How we attached a towing bridle.

We hope you never have to be in this situation but if you are, we hope that the pointers below may be of use.

 

This is what we did to rig a bridle:-

  • Used our strongest mooring lines.
  • Took the first line and tied a bowline in one end.
  • Looped this over the largest of the stern winches.

    Diagram to show how we rigged the lines to make a bridle.
  • Took the line back to the stern cleat and passed it round the back of the cleat anticlockwise.
  • Took the line to the mid ships cleat and looped it round anticlockwise
  • Continued forward and looped it round the bow cleat. Whether you wrap clockwise or anticlockwise here will depend on the position of your cleats, stanchions, toe rail, etc.   (The reason for using all the cleats is that the line can still slip a little and the forces from the tow will be more evenly distributed across all points of the yacht.)
  • Tied a bowline loop in the end of the line.
  • Took the line forwards from the cleat and out under the guard rail.
  • Made sure that the line was clear of the stanchions and clear of the anchor. (If possible it may be better to stow the anchor away so that it doesn’t foul the tow line or the bridle.  Also remove the bow sprit too.)
  • Made the bridle as wide as we could at the bow.
  • Tried to create an inverted ‘V’ shape.
Diagram showing how we tried to make as wide a ‘V’ in the bridle as possible.
  • Rigged another line in the same way down the other side of the yacht.
  • Used a further strong mooring line.  We tied a bowline through the loop on the starboard side of the yacht.
  • Ensured we had a tidy coil that we could easily pass around the front of the bow and then through the loop of the towing line from the tug.
  • Checked that the line would be clear when released and would pass forwards of the bow.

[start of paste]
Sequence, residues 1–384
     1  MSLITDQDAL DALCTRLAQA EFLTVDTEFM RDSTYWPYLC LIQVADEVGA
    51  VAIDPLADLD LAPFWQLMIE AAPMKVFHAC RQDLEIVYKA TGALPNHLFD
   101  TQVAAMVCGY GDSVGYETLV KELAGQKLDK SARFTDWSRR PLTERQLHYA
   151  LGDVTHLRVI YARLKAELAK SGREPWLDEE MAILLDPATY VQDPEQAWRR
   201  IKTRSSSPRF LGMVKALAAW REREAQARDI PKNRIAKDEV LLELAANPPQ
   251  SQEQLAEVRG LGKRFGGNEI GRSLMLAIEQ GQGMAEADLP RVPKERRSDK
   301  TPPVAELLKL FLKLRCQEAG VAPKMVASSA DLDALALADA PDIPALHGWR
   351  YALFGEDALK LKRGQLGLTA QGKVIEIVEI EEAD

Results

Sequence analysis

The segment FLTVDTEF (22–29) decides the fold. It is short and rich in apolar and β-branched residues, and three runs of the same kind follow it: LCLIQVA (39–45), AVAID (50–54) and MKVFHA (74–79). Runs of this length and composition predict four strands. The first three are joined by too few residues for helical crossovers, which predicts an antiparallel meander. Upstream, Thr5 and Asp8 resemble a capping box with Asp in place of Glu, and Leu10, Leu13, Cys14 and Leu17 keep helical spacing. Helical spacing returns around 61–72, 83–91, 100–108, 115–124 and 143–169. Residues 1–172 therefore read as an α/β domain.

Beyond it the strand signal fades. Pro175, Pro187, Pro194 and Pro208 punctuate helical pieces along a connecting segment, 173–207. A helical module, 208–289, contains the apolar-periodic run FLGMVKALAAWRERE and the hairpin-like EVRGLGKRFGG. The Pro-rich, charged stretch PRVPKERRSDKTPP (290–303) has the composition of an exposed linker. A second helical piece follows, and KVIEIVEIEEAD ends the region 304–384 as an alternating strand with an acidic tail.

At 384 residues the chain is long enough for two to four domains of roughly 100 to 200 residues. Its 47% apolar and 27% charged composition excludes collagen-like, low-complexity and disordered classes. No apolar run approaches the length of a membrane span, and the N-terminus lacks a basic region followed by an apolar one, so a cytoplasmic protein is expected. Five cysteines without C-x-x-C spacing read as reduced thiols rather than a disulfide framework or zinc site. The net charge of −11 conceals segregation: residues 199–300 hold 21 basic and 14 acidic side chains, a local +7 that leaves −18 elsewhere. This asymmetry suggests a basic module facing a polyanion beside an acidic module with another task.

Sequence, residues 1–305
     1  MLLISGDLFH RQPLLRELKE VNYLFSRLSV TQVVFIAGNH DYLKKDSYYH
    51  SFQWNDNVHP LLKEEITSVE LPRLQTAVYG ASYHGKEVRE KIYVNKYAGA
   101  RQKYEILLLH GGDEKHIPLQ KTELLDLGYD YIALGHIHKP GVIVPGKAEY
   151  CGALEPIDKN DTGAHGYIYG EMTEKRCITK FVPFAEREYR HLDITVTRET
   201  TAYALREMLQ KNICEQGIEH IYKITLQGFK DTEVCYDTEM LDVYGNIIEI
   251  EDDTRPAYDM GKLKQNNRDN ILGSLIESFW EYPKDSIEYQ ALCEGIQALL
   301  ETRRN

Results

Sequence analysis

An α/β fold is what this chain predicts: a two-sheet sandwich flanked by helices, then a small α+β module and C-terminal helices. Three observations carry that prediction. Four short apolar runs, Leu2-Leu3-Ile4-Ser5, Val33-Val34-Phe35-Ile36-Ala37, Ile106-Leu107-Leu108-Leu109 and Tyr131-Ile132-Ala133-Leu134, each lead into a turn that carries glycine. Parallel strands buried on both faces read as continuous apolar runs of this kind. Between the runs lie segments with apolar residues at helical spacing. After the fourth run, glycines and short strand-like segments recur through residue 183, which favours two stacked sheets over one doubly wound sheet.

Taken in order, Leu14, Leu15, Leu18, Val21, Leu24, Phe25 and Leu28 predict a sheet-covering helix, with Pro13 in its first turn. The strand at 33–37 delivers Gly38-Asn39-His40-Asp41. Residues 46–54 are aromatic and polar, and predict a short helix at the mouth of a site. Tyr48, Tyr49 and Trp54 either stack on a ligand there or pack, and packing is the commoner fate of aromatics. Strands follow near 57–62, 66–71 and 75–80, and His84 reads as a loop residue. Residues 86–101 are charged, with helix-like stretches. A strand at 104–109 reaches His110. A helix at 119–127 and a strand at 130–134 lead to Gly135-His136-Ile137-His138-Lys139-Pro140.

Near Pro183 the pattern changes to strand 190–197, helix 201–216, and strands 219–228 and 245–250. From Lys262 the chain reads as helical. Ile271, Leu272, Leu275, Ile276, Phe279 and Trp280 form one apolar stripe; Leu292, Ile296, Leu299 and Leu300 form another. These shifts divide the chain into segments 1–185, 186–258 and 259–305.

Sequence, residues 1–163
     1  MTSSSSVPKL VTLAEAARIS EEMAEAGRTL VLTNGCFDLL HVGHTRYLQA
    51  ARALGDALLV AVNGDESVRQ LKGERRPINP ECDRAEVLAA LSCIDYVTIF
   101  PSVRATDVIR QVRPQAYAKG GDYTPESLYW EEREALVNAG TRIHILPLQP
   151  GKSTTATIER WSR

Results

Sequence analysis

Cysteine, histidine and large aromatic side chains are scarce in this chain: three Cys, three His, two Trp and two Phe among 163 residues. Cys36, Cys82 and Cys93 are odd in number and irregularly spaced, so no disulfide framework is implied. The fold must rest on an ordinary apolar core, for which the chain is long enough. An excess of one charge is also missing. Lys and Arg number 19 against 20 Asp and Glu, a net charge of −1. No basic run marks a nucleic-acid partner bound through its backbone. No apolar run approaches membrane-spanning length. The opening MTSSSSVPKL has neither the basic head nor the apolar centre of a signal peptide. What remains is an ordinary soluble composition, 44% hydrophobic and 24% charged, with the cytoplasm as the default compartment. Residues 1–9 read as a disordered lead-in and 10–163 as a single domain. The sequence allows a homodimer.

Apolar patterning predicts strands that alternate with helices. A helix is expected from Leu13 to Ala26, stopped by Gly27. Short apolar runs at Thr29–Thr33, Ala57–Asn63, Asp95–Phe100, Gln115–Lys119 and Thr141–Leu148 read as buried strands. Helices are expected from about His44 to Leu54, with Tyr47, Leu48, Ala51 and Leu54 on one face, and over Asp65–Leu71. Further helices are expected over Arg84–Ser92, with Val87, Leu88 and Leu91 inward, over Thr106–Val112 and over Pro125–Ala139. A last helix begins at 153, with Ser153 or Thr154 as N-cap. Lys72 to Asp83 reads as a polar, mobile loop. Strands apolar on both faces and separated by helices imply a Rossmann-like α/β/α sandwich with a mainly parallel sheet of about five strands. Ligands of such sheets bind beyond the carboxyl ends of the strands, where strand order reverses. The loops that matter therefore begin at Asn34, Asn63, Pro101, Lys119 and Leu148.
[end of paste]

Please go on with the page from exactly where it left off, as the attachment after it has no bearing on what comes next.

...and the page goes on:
• Tied a bowline to the port side of the bridle set-up and threw the third line free so that the tug could take up the slack.
  • We had about 30 to 35m towing distance which worked ok in the wind and waves we had. (Bf 2-5 wind and 60cm swell)
  • We had a rope cutting knife handy so that the rope could be cut in an emergency.
  • The tug had a loop in the end of their massive towing line so they wanted us to throw our ‘central’ line to them.  They wanted to tie off this line but we had to explain that we wanted them to loop our line through and return it to us. This took some explaining!
  • With a smaller, more manageable sized towing line it may have been possible for them to throw a leading line so we could pull in the loop and pass our own line through it and back to the port side bridle.
  • WE HAD TO HAND STEER THE WHOLE TIME TO ENSURE THAT WE WERE DIRECTLY BEHIND THE TUG BOAT SO THAT THE STRESSES REMAINED EQUAL ON THE BRIDLE.

Additional Comments

  • Don’t assume that the tug boat crew knows what to do.
  • Be prepared to be forceful.
  • With long mooring lines, only two may be needed.
  • The weight of the tow ropes we used meant that there was no snatching which made for a smoother tow.
  • In heavier seas than those we experienced (60cm swell) there may need to be a greater distance between the vessels.
  • Be aware that you must still steer otherwise you wander off track and are not directly behind the towing vessel which means that the stresses  on your bridle are not equal.
  • Should you ever need to be the boat doing the towing, then you could set up a towing bridle in the same way but from bow to stern.
  • We had to display day shapes – two balls one above the other.
  • We had agreed with the tug boat captain on a radio channel that we would both keep open.

Hope this is helpful.

Here you can see the bridle line running down the starboard deck and round the mid ships cleat.